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H2O Spelled Development for Sedona

By Sedona Historical Society

Back in the early days of Sedona, the only water source was Oak Creek. From the late 1800s, settlers spent many back-breaking hours hauling water.

By 1945, Sedona was still a tiny community on the banks of the creek consisting mainly of a school, a ranger station and a combination general store/cafe/ gas station/post office/ice house.

A mile from town, west on Hwy 89A, was an open area near beautiful red rock cliffs. It was an ideal building site and property sold for $10-25/acre, less if you were talking cash. Sounds like a good deal, but several people had tried dry farming the land and had starved out. There just wasn’t enough water.

Then, in 1948 Carl E. Williams, son of a well driller and holder of a degree in geology, came to Arizona to recover his health, and Sedona would never be the same.

In 1946, Williams was pronounced an arthritic invalid whose only slim chance of survival was to sell his prosperous business in Oregon and move to Arizona. Fanny Belle Gulick was one of the area’s largest land holders, including several acres along Hwy 89A in now West Sedona.

Known as a sharp business woman (she denied being a former madame), the widow Gulick called Williams and they made a deal. A well would cost her nothing unless it came in. If it came in, Williams would get a deed to several acres of her property and they would part friends.

Coming to Sedona, he met with all the “local experts” who were skeptical at best. The U.S. Forest Service ranger was a geologist and as far as he knew there was no appreciable underground water. A member of the geology department of the University of Arizona concurred.

Williams studied the 12 inches or less of precipitation the area received. He studied the heavy snowfall on the Mogollon Rim and observed natural artesian springs in the area. After comparing precipitation minus evaporation minus transpiration minus run-off, there was a lot of unaccounted-for water. Where was it? Water wasn’t pouring out of the cliff faces. And how about Page Springs’ high output and Montezuma Well as an unfailing water source for centuries!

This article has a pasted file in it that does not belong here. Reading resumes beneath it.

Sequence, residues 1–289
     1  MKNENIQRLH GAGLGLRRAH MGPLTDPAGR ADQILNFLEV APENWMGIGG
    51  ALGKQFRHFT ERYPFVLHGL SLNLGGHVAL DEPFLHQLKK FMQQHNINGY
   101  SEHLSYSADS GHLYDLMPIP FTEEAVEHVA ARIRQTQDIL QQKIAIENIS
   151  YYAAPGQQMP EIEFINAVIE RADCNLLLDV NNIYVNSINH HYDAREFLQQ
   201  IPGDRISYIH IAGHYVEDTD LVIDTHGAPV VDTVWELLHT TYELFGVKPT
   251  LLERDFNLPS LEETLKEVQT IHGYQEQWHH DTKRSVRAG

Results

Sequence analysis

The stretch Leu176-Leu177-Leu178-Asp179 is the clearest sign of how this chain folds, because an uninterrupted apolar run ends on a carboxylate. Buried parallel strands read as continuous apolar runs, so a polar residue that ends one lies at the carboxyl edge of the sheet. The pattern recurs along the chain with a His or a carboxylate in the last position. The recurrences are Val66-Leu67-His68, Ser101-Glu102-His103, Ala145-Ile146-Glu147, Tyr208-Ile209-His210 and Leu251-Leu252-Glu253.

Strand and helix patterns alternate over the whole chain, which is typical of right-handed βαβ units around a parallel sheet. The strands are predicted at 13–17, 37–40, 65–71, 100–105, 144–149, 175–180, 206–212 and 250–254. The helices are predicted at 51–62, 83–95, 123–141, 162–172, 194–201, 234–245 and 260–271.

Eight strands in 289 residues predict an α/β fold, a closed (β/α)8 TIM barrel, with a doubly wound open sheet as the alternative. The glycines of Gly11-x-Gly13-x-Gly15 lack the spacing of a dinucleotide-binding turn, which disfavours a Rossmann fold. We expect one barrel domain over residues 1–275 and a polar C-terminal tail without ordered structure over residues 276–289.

His instincts told him there must be fissures and crevices feeding the excess flow into aquifers under the redlands. And so he dug, and the widow Gulick’s well came in a few feet from where Williams predicted it would.

This well was an occasion of tremendous celebration for the whole area. Williams staged an open house picnic and hundreds came. After that, Williams and his son Earl, drilled more than 50 successful wells in the area. For a time, they kept two well-drilling rigs busy year around and their business expanded around the state. People stopped Williams on the street to order a well or simply to shake the hand of the man who brought water to this dusty little village.

With water in Grasshopper Flats and Big Park, the real estate boom began, and housing moved from the canyon to the flats.

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The Sedona Historical Society operates the Sedona Heritage Museum on the Jordan Farmstead at 735 Jordan Rd in Jordan Park. The Museum is open daily at 11 am with the last tour beginning at 3 pm. Exhibits include stories of area pioneers, movies made in Sedona, cowboy life, vintage vehicles and antique orchard and fruit processing equipment demonstrations. This farm dates from Sedona’s earliest homesteaders. The red rock home and apple packing barn were built by the Jordan family in the 1930s and 1940s and are Historic Landmarks.

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